Proper line cleaning is essential for any commercial draft beverage system for several reasons but it’s often neglected.
Why? Traditional line cleaning processes have the potential to be costly, tedious, and disruptive to operation.
Unfortunately, failure to clean beer lines and draft system components adequately can lead to significant consequences for your business. Especially if you are operating a self-pour system.
Line cleaning doesn’t need to be a dreaded, bothersome task. To facilitate a regular, thorough cleaning program, we suggest opting for an easier, more convenient, and more efficient solution.
Why clean your lines
Protect the quality and taste of the beer
Yeast, mold, bacteria, and beer stone (calcium oxalate) can grow in the lines and build up over time. When fresh beer is exposed to these culprits as it passes through, the beer’s flavor and aroma are compromised. The result is tainted beer, unhappy customers, and lost sales.
Protect the health and safety of your customers
While it’s not life-threatening, this type of build-up in the lines is unsanitary and the thought of consuming tainted beer is enough to make you queasy. YUCK! Like food service, customers expect freshness and quality. The same care and attention that’s given to food handling should be given to draft beer.
Protect the performance and lifespan of your investment
Draft systems are a big investment—we’re talking thousands of dollars. Insufficient cleaning and maintenance can impact the performance of the system leading to unnecessary added costs for repairs and replacement parts.
The build-up caused by poor cleaning practices is especially detrimental to self-pour draft systems. Self-pour technology relies on a meter that’s placed in the line to measure and track the ounces that are poured. If the lines are not cleaned, the build-up can cause the meter to become jammed up, preventing it from accurately measuring the ounces. Therefore, it is critical that cleaning is done properly and on a proper schedule.
When to clean your lines
Every two weeks
According to the Brewers Association, beer lines should be cleaned with a caustic solution every two weeks at a minimum.
Every brand change
Lines should be cleaned when a keg is being replaced with a new product to completely flush out the beer and any residue from the line.
How to clean your lines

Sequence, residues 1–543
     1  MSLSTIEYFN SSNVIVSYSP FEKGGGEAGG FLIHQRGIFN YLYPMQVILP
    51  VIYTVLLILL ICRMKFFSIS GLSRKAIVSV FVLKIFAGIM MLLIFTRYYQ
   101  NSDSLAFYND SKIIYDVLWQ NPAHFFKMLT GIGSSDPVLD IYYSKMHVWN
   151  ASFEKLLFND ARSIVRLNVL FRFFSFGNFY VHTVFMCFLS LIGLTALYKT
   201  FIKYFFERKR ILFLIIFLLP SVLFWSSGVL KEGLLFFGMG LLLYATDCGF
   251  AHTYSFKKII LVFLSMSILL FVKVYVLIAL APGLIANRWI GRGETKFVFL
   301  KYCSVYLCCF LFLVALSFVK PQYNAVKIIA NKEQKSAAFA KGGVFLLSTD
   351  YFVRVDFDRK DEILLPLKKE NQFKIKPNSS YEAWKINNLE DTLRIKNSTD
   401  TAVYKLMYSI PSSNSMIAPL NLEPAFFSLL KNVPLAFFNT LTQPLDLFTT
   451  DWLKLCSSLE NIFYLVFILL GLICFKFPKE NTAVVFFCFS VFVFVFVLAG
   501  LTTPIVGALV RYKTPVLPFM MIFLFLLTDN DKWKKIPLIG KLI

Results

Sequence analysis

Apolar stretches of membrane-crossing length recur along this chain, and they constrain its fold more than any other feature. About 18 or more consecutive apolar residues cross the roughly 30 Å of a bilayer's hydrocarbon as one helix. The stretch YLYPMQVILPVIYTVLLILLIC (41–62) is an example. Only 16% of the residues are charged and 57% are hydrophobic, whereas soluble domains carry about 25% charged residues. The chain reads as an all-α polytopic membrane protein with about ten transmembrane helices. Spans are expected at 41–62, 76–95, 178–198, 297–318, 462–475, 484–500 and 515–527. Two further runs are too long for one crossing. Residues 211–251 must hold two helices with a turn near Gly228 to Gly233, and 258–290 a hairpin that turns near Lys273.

The most common process for manually cleaning commercial draft beverage systems is re-circulation cleaning. In this process, a motorized pump is used to circulate cleaning agent throughout the entire system, from one tap to the next.
- Cleaning can be a messy job and you have to have the right equipment. Most establishments rely on an outside service to perform the cleaning and it must be done after hours, out of the sight of customers.
- Manual cleaning processes use hot water and if you don’t allow time for the beer lines to cool, it can cause foamy pours.
- There’s no way to verify that the cleaning was done and that it was done properly.
- For re-circulation, the taps are daisy-chained together and any build-up is picked up and pushed from one line to the next. This can be particularly problematic for a self-pour system—if there’s harmful debris stuck in one line, it can cause damage to the meters in the other lines as it’s forced through.
Automated line cleaning—a better way
What if you could clean beer lines with the push of a button? Thanks to our partners at Glanola, you can. With the Glanola Linemaster X line cleaning system, you can efficiently clean lines, individually or grouped, as often as you need, in a hassle-free and non-intrusive manner (even during operating hours), while conforming to all regulatory requirements.
How it works:
- Installation: The system is installed in 2-3 hours—all you need is access to power, cold water, inflow and outflow lines, and a coupling system in the cooler.
- Operation: Remove the Sankey coupler from the keg and hook it up to the system. The beer is flushed from the line with cold water, detergent mixed in a specific dose is pushed through the line, then the line is flushed with water again. The color change detergent will turn green in the presence of contaminants and turn back to purple once cleaned and there’s no need to disassemble any of the equipment.
- Cost: The equipment is rented for a monthly fee depending on the number of taps (typically between $200-$300/month) and the cost of the detergent is about $15/month
You can perform and oversee the cleaning on your own, so there’s no need to hire outside help.
Quick & easy
Cleaning can be done on-demand, with the push of a button and the entire process takes 8-9 minutes to complete.
One line can be cleaned on its own or multiple lines can be cleaned simultaneously.
The cleaning process uses cold water so there’s no downtime and cleaning can be done during hours of operation.
A proprietary color change solution is used to verify that the beer lines are actually clean and free of contaminants.
On average, operators who switch to an automated solution save on the monthly cost of line cleaning.
iPourIt is the industry-leader and expert on all things self-pour and with more than 650 systems installed, we’ve learned a thing or two about draft beverage equipment. It’s key to the success of a self-pour system and it’s crucial that it’s installed and maintained properly.→ For more information about installing a self-pour system and the three pieces that are required, contact us.
We are committed to providing solutions to help ensure that iPourIt systems are as effective and as profitable as they can be. Stay tuned for more Self-Pour Pro Tips and get handy pointers and insights to help you succeed with self-pour beverage technology.
Want to learn more about iPourIt self-pour draft technology and the benefits of Glanola’s automated line cleaning solution? Contact us at 949-270-0556 to speak with a self-pour expert.